In this case, I had to sacrifice Supper to get the Shot. As it was, I had just gotten back from a long day hike back up into the high country in the Many Glacier area of Glacier National Park. There was still a little over an hour before the sunset and there is a very nice café/restaurant in the Swiftcurrent area that serves some great hot meals. So I thought about going in for a nice dinner after the day on the trail, but as I looked up at the clouds in anticipation for sunset, I realized that sunset where I was at would more than likely be a bust. And that’s because there was a ton of cool clouds just to the south. They were too far away to really be included in a shot here, but… if I were down around St Mary Lake there just might be some good compositions. And doing a little guess work, it would seem that being there would place me right underneath all of those cool clouds!
So I sacrificed my steak and settled for two quickly made jelly sandwiches that I could eat while I drove down to the Wild Goose Island. It was about an hour until sunset and the drive would take about 45mins, so not much time to spare, but I was off and running! There is never a guarantee that the sunset will be a blazing with color, though the conditions were ripe it. I was making good time, not too much traffic on the roads now. As I entered back into the main part of the park and was rounding a curve in the road all of a sudden there were a half dozen cars stopped in the road! Now since it was a curve, I could not see what they were stopped for, but I could see the road itself was clear, so knowing I didn’t have time to just sit on the road, I went around the cars as there was no oncoming traffic. As I passed I saw this young lady from the lead truck that was blocking traffic and she out of her truck with a camera and photographing what looked like about a 1 year old bear on the edge of a meadow. Not sure that was the smartest thing for her to be doing, but I had a date with a sunset!
I got the Wild Goose Island overlook, and there were about 4 or 5 cars there, so not too crowded. So I found a nice composition and settled in to wait for the sunset. As I looked around, I saw below a nice pond area that looked like perhaps it could reflect the mountains and the color nicely. At first the clouds started being painted with a nice golden color that often will hit the clouds up high like this just before the sunsets. Then the real show began! A little bit of orange started painting the clouds, and then this thought popped back in about that pond down below… it wasn’t too far away, perhaps a quarter mile downhill, probably less, but it was downhill... but it could make for a really cool shot… so I grab my camera and tripod and like a jackrabbit I was darting off downhill!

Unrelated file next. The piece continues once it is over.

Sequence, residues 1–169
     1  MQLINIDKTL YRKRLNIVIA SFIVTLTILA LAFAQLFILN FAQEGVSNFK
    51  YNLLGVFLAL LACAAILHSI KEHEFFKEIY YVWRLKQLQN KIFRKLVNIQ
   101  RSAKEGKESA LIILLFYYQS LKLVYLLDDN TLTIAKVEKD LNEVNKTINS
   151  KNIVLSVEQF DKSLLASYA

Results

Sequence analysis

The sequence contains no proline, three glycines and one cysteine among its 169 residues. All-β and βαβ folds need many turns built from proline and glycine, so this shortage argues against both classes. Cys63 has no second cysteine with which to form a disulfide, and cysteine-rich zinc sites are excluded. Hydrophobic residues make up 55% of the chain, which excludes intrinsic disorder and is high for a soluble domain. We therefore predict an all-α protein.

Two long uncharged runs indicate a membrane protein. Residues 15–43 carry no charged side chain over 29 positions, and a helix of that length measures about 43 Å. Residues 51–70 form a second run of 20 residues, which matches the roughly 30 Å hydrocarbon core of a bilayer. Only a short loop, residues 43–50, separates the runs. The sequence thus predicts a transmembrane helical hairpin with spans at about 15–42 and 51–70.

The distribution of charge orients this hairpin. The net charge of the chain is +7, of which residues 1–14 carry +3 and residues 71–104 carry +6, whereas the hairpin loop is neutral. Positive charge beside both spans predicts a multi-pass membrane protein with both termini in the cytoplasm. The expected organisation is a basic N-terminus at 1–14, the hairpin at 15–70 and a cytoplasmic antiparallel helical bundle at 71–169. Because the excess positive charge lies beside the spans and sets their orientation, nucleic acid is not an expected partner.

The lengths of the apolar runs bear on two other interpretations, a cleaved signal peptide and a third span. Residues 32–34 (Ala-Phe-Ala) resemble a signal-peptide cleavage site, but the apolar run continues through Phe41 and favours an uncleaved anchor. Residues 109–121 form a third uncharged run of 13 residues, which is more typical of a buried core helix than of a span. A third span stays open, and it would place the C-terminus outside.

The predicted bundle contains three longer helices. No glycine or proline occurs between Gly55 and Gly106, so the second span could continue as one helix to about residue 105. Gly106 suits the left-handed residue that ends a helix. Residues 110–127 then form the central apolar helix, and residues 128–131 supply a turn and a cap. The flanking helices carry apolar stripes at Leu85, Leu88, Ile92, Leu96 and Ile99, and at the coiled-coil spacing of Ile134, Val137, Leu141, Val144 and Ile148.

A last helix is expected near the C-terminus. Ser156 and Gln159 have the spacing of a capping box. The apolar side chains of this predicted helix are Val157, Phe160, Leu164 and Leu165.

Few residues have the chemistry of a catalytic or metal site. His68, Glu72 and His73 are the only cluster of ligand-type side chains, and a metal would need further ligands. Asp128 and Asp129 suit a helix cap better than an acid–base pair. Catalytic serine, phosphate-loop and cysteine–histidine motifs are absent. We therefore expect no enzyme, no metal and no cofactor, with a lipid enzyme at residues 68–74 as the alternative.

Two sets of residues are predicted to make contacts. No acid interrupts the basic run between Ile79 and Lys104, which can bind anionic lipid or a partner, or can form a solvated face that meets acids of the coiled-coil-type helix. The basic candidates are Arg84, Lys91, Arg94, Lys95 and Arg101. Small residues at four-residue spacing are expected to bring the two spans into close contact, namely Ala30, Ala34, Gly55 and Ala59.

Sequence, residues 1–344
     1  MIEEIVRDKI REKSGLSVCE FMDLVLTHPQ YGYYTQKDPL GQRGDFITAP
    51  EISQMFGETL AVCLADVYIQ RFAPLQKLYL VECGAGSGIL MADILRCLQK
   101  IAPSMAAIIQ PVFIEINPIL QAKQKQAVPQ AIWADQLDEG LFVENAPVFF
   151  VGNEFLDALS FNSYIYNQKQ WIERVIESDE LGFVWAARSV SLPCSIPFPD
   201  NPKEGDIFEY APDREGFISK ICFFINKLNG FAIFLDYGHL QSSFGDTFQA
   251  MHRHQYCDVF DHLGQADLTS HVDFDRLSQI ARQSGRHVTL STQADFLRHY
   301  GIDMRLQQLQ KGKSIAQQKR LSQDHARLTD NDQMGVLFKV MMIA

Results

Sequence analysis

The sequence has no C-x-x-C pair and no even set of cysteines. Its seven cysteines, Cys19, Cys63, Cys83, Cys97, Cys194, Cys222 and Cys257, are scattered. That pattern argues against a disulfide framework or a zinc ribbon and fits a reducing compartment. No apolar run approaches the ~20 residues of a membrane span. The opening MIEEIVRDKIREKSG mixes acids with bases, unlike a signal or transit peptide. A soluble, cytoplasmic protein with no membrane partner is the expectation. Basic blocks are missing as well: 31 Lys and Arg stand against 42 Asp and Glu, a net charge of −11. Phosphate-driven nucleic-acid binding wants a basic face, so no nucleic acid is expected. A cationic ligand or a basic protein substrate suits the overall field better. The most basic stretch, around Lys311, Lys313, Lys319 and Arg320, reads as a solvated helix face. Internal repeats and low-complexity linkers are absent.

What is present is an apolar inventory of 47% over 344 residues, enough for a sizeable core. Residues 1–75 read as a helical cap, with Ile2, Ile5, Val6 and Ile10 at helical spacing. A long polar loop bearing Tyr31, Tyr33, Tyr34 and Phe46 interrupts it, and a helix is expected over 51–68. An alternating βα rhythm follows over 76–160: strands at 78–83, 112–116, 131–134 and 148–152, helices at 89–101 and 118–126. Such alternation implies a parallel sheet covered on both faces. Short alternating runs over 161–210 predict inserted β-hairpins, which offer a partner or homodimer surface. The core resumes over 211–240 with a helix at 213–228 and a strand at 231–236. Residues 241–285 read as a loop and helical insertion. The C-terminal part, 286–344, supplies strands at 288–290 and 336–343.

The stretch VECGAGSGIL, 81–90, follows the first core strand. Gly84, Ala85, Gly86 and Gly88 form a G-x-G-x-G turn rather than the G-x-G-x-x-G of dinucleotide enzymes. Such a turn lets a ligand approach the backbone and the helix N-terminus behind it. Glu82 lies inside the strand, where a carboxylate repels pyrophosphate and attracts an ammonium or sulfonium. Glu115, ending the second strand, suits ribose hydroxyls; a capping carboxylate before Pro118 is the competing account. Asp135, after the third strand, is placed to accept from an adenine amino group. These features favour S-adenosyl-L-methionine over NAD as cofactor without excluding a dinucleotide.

The path at the bottom was slightly overgrown, but I slid my way between the brush the best I could and quickly set up my camera. The clouds were just now all a glow with orange! I took 3 or 4 really wide shots. With my 16-35mm lens I then zoomed in for a couple tighter shots, and because of the brush and lack of paths I knew that would be my best compositions there. But the color was still blazing in the sky and without a second to spare I realized that if I ran back up hill as fast as I could I might still get some color in the clouds back at the more typical view. Now at the close to 6000 foot elevation I was at one is not running back up any hills, especially not with gearing 35lbs of camera gear unless one stays in shape, so thankfully, I like staying in shape! So back up the slope like a jackrabbit again, at the top I am breathing a bit heavy as I quickly put the tripod back down, put the camera back on it, compose, focus and shoot! And yes… there was still color! I had made it in time to get color at both the top and bottom views here.
Now a note as to the exposing. While I will shoot a lot of my shots in complete manual mode, times like these are where Aperture Priority mode is a life saver! Especially with the changing light, and with me changing compositions like I did. Having my camera set in Aperture Priority with an exposure compensation dialed in of 2/3rds of a stop underexposing gets me a shot that will be very close to being just what I want. I will still check after the first shot at the histogram to make sure the exposure is okay, and if it’s not, with a click flip of the exposure compensation I can brighten or darken the scene as needed. But when seconds count, having the camera set so that it can take a usable shot without thinking can be so key.
With Aperture Priority as the light fades my fstop stays on f13 and the shutter gradually stays open longer and longer. But I don’t have to concern myself with that. I can focus on the composition as often with fading light one will want to move or change angles for the shot. I do always keep a close eye on my histogram on the back of the LCD, but with the camera adjusting the exposure based on my exposure compensation I can rest easy that my exposure will be very close to being correct.
I do recommend for more static scenes or conditions to shoot manual, to take charge of your exposure. But too many people think that the sign of a good photographer is that they only shoot in Manual Mode. That’s totally not true. Now it may stroke someone’s ego to feel that way, but the reality is for a Landscape Photographer where light can change so quickly, and one often doesn’t have more than seconds to get a shot right or you are walking home with blown out or underexposed shots. So be sure to know when using Aperture Priority should be your priority…